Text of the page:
Meditation is an awesome Yoga Nerd tool. In fact, it is the super power tool. Beside the physical benefits which you can learn about in this fun little video, there are many mental, emotional and spiritual benefits. The mental, emotional and spiritual benefits from meditation are for one reason – meditation teaches you to be present in the moment. The act of focusing on one thing teaches our brain to be present in the moment. Only by being present in the moment can we observe ourselves. We can become aware of when we are demonstrating unhealthy behaviors that are defense mechanism of the mind to protect you from the bad feelings. Once we are able to catch unhealthy behaviors in the moment we can begin to ask why we are doing them. Look at the thoughts and emotions to figure out what are we running away from? Once we can be aware of our emotions in the moment, we can try to act in a healthy manner instead. As a personal example, I had decided to talk to someone at the yoga studio whose behavior was causing problems. No one else had talked to her because they were afraid to which I thought unfair. How does she know she is hurting other people if we don’t tell her? In the process of talking to her about it, her defense mechanisms went code red and she turned the conversation on me telling me I was the bad guy. At first I was able to make a couple of points, but she just ignored them. As she was talking and not letting me get a word in, I noticed feeling a block in my brain. I couldn’t think. Even though I knew what she was saying was wrong I was just couldn’t seem to get back to the point. That’s when I realized I was really really angry. My personality type usually falls asleep to their anger, but because I was aware that something different was going on in my body, I was able to detect that I was very pissed off. I still wasn’t able to think straight to confront her appropriately. But at least I knew what she was saying was making me angry. That’s when I did something I had never done before. I said, “I hear what you are saying, but right now my back is up and I need to go.” I had never told anyone in the moment that I was angry. Meditation had helped me to learn to be present in my body in the moment. It was a good feeling. Maybe someday I’ll be able to think while I’m angry too.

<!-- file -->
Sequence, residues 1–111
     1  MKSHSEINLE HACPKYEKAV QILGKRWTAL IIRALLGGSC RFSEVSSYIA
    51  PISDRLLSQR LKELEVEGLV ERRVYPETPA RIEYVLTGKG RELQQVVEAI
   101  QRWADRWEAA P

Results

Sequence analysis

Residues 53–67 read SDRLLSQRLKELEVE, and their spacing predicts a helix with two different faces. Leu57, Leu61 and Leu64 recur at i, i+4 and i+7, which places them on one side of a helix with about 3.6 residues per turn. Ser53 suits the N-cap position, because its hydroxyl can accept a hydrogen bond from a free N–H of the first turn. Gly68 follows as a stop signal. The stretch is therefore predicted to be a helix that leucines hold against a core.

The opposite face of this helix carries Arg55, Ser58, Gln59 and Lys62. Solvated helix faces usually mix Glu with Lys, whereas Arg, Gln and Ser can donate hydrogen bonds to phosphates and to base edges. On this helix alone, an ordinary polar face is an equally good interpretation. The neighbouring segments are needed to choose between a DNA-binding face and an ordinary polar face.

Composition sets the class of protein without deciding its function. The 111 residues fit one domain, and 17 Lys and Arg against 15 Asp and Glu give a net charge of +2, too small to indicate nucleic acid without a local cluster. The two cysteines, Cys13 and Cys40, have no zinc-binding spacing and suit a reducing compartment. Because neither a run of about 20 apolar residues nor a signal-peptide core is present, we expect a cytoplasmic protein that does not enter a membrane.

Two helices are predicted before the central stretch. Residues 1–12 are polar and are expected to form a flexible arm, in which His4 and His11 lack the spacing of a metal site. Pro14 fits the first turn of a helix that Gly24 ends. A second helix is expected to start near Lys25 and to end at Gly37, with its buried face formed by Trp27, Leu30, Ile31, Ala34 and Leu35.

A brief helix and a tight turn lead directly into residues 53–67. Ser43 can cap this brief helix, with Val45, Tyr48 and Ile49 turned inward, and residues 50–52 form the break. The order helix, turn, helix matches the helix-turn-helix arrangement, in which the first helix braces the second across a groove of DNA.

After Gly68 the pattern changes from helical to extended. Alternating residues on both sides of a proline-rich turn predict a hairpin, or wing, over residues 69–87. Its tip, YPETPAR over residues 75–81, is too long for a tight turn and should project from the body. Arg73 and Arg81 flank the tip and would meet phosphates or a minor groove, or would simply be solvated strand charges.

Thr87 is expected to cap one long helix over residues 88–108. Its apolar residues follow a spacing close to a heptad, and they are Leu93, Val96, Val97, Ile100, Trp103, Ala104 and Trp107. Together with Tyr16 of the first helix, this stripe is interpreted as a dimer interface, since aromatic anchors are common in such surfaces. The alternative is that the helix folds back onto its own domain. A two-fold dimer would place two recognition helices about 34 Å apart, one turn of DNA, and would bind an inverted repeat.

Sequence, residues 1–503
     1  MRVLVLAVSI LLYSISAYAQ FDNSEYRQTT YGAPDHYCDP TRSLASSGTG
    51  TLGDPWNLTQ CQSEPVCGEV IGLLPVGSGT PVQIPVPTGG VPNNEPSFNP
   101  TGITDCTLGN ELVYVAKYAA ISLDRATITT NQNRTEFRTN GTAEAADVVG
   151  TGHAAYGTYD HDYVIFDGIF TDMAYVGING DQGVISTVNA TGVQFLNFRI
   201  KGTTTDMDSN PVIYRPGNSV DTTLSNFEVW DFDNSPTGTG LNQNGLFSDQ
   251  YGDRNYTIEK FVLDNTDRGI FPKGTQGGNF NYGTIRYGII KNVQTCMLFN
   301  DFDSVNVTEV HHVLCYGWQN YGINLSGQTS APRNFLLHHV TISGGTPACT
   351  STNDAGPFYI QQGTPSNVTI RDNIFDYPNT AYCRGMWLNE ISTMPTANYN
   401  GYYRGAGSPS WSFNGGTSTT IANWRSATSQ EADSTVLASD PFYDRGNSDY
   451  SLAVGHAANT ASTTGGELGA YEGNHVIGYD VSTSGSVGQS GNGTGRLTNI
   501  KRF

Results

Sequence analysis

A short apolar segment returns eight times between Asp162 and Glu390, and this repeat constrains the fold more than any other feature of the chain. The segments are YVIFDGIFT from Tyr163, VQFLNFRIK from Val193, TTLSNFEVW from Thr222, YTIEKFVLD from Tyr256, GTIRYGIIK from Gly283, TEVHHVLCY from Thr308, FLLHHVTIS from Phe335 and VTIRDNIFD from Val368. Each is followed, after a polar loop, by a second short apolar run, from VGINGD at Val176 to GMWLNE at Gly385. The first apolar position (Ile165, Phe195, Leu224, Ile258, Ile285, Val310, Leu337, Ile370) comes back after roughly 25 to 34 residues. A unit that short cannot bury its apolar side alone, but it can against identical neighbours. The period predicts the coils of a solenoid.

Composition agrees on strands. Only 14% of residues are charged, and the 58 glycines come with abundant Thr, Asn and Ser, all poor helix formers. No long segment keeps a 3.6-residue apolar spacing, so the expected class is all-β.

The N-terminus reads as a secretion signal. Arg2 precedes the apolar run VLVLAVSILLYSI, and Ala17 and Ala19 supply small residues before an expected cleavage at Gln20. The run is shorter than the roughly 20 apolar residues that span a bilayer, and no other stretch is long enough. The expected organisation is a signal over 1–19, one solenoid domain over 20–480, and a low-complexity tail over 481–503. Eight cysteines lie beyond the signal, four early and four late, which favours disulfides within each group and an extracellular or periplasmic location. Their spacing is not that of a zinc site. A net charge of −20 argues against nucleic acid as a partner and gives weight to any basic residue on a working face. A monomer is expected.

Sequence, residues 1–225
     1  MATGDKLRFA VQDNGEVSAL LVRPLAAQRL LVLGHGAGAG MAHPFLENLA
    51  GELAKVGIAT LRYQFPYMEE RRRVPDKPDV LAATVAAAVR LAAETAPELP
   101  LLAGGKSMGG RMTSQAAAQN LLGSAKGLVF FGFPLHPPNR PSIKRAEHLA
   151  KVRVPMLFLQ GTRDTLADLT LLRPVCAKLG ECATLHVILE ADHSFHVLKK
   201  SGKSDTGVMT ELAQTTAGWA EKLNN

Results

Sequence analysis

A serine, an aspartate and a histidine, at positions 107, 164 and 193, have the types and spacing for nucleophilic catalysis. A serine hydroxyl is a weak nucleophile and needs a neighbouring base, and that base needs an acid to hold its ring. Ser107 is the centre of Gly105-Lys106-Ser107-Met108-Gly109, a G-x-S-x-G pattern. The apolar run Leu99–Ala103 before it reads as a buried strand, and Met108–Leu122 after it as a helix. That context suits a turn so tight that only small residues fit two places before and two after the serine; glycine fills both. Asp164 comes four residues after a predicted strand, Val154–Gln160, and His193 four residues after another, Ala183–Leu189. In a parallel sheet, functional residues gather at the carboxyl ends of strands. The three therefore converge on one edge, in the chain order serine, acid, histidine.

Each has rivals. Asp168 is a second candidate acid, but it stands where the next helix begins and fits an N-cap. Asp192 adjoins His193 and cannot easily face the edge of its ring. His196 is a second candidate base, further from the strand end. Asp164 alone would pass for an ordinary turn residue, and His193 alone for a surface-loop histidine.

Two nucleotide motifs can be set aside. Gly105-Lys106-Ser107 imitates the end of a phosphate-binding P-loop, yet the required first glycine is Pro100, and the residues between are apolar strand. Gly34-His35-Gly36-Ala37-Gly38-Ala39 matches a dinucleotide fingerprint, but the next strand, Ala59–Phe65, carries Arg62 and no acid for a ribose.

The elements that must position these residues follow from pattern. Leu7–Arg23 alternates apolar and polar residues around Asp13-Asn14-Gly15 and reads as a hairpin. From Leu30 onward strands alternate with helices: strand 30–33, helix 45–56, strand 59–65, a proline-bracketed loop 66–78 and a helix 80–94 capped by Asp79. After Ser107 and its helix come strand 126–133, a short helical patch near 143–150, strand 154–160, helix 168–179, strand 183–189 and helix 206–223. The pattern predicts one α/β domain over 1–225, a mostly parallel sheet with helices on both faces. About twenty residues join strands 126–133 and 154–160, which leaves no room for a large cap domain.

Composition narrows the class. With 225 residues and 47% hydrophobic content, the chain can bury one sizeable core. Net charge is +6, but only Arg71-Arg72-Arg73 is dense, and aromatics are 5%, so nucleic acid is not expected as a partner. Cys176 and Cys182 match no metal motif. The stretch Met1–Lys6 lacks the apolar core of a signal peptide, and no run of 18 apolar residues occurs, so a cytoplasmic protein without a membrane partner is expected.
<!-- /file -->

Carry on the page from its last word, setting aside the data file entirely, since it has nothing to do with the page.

We are unhealthy when we are sleepwalking through life, letting the monkey mind lead us. Learning to be present in the moment is like waking up and seeing things for what they are. It gives you control again. Being present isn’t instantaneous after you start meditating. There are good days and bad days regardless of how long you have been meditating. The awareness grows and wanes. One day you may be aware in the moment of exactly what you are feeling and as a result behave in a healthy manner. The next day you may not realize until hours later that you were sleeping walking during a conversation with your relative that pushed your buttons that, if you had be present and aware, could have been handled better. But if you do the work, it is three steps forward and two steps back. Do the work and you will always move forward. That’s a Yoga Nerd promise.
Over time I’ll be blogging about different types of meditation. For now, if you are hankering to get started, try mindful meditation. Mindful meditation is focus on the breath. It is the most universal form of meditation. When there are studies done about meditation, mindful meditation is usually what they study. In mindful meditation you simply find a comfortable seat where you can keep your spine straight. Close your eyes. Take a few deep breaths to relax a bit. And then begin to watch your breath move in and out of the body. If you begin to feel frustrated, count your breaths starting from 20 down to 1. If you lose count, go back to 20. If you make it to 1, go back to 20. When your mind wanders, avoid being critical of yourself. Just return back to the breath. Usually when your brain wanders it is either planning, remembering, or fantasizing. For some reason labeling the thought makes it much less important. Click here for a wonderful little video on how to do mindful meditation, and meditation in general.
If you are into apps, my favorite meditation app is Insight Timer. It not only has a timer, it has tons of guided meditations. If you are goal oriented, it keeps stats of how long and often you meditate and gives you stars when you achieve goals. For more info on Insight Timer, click here.
If you’re nervous, just start with one minute a day. After a week, go up to two minutes. Add a minute each week. There are even one minute meditations on Insight Timer. But please, please, please don’t be intimidated. Meditation is friendly. Meditation is accessible. Meditation will make you happier. You can’t go wrong with meditation. Period.